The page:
When visiting, you could start by spending a few hours just walking around in the historic streets of the city. Take in the ambiance and vibe, and study all the details in architecture and art.

Also read: 19+ Unique Things To Do In Trinidad Cuba From An Expert

Trinidad Museums

The elegant courtyard at Palace of Cantero Trinidad, a square courtyard with green bushes, yellow brick walls and shaded walkways behind elegant archways.
Palace of Cantero Trinidad

Even though the city of Trinidad is called “the Museum of Cuba” as a whole, it has a wide variety of actual museums covering different topics, like history, art, and architecture, for tourists to explore. 

The Romance Museum

The elegant Palace Brunet Romance Museum in light peach with green wooden window blinders, archways, seen from the beautiful garden with flowers and palm trees on a sunny day.
The Palace Brunet Romance Museum

The Romance Museum is located in the heart of Trinidad city center in an old mansion called the Brunet Palace. Count Brunet was a noble Cuban Creole who founded the Brunet Theater and owned the Brunet Palace.

The palace was built in the 1740s and is special because of its Andalucian courtyard, which is characterized by a mix of Mudejar and neoclassical styles.

The palace contains 14 rooms, where a variety of decorative artwork is exhibited. Original details like tiled floors and balustrades are still present.

There is silverware, china, old furniture, silver-smithing, lingerie, and other luxury items of the 19th Century on display, mostly things that belonged to the original family.

The Museum Of Municipal History

Museo de Historia Municipal tells the story of Trinidad from its foundation by Diego Velasquez in 1514, exhibiting important items from the period. 

The building is a palace that the Borrell family originally built as part of the Sugar Aristocracy in Trinidad centuries ago. The house later became known as the Palace of Cantero.

In 1960, a little while after the revolution, the state nationalized the building’s ownership, and in the 1970s, restoration started to make it into the museum that it is today.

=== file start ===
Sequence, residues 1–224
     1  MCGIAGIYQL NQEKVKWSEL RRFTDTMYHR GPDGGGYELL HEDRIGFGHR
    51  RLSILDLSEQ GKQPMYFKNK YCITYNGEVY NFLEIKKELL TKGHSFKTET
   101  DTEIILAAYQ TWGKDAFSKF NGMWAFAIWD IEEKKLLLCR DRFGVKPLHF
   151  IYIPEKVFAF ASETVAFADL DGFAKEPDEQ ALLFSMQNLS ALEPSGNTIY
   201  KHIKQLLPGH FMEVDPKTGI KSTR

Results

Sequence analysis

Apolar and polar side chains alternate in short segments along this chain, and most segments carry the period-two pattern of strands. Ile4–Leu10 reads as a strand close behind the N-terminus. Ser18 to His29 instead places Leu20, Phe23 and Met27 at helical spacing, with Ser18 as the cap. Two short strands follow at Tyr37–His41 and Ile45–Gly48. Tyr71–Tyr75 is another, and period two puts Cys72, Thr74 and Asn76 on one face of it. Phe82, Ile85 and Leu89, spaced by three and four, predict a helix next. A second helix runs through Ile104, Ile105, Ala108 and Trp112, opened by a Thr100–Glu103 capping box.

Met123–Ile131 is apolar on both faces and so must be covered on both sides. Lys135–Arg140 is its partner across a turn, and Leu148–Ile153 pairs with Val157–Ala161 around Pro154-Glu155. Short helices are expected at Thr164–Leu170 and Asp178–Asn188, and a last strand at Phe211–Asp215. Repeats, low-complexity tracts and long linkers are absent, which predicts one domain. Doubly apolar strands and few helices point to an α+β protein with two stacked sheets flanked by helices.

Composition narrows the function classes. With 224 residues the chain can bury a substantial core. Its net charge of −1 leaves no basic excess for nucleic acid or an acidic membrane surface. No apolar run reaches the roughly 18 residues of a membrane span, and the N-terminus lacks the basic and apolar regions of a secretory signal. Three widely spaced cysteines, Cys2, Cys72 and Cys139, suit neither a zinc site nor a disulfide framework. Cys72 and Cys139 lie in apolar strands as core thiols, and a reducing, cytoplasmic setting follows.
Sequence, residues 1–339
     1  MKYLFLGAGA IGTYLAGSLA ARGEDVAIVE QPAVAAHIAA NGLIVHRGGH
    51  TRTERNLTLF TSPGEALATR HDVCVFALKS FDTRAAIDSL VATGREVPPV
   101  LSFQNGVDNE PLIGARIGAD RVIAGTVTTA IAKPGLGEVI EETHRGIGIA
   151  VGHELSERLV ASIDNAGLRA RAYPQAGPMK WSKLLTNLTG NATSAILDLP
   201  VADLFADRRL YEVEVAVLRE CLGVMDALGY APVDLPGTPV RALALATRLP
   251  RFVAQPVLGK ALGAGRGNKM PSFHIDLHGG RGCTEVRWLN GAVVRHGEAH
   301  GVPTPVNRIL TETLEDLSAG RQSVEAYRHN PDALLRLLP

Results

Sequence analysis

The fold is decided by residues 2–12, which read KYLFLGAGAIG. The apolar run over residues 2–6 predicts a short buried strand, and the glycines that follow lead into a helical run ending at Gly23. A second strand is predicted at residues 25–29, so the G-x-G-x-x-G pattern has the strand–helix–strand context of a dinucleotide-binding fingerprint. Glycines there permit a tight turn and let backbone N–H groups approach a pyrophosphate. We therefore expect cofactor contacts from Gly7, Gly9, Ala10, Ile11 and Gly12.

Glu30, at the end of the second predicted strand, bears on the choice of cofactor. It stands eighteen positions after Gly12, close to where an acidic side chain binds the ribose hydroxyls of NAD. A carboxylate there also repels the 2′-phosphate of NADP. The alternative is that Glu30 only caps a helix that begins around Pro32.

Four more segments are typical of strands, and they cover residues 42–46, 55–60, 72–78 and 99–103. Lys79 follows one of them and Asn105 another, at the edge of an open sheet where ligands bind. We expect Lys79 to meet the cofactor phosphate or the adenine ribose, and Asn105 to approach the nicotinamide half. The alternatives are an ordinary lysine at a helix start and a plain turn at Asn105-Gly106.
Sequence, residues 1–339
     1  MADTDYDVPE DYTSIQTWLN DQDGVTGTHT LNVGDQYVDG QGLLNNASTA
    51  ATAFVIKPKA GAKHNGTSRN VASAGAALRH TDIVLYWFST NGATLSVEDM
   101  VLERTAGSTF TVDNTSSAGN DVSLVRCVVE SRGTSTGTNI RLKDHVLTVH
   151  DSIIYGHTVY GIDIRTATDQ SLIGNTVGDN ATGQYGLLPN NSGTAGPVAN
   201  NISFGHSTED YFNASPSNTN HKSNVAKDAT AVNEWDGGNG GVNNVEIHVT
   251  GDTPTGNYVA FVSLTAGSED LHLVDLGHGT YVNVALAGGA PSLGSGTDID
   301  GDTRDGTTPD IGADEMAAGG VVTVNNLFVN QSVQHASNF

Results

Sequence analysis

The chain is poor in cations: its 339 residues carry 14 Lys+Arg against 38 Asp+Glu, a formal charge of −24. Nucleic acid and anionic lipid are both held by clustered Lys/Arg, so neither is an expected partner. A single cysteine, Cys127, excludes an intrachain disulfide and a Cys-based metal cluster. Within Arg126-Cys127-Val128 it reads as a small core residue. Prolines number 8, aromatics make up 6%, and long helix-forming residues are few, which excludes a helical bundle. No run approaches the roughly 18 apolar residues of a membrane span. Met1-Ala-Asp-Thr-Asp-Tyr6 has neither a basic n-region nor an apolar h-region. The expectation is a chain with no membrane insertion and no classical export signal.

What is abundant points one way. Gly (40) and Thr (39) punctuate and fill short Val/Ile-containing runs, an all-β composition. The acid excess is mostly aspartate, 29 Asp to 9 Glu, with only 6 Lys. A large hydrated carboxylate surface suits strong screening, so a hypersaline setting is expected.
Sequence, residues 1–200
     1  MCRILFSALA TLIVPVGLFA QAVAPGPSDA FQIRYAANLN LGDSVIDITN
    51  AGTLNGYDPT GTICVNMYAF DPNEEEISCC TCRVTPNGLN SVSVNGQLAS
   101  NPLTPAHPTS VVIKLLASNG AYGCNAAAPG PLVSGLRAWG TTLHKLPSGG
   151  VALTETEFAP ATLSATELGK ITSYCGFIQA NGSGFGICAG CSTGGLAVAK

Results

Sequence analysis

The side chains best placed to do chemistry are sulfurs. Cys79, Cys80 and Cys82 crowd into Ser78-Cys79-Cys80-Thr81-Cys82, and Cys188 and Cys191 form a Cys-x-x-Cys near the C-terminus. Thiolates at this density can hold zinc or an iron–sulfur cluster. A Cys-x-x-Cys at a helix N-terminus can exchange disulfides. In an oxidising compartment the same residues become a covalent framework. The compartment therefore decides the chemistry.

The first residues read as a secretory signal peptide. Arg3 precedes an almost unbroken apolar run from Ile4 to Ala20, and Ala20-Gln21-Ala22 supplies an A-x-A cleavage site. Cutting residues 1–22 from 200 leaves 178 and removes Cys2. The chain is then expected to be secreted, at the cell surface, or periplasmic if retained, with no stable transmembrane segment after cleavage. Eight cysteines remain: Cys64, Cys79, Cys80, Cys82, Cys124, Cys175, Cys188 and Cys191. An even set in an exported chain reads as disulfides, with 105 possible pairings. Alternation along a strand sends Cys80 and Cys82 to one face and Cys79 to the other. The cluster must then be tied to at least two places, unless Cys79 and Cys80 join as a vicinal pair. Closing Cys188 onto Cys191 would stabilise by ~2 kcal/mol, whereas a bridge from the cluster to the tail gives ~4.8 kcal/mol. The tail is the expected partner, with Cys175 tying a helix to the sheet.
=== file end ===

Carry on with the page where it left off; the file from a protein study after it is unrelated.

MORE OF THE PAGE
Some rooms show the military side of Trinidad’s history, including the city’s fortification and defense. Other rooms are dedicated to the sugar trade, economic development, and the impact of the slave trade.

Trinidad Architecture Museum

The Museo de Arquitectura Colonial, or Colonial Architecture Museum, is a great place for anyone interested in the details.

You can see the colonial-style architecture, building techniques, and decor of the Spanish Empire era. The museum is located in two 1738-built 18th-century mansions that were once the home of the wealthy Sanchez Iznaga family. 

Dedicated to the characterful architecture of colonial Trinidad, you can see exhibits of typical colonial architectural items and decorations like doors, handles, locks, windows, and grills.

The museum also organizes guided tours through the historic streets of Trinidad.

Also read: 4 Best Casa Particular Trinidad Cuba By A Local

Visit Parque Natural Topes De Collantes

Tall narrow waterfalls in Topes de Collantes National Park outside Trinidad Cuba. The waterfalls are surrounded by lush bright green forests.
Topes de Collantes National Park

There are several smaller and larger magnificent freshwater springs hidden in the hills around Trinidad. In some places, you can hike on lush green trails and swim through little waterfalls in the greenish-blue water to cool down.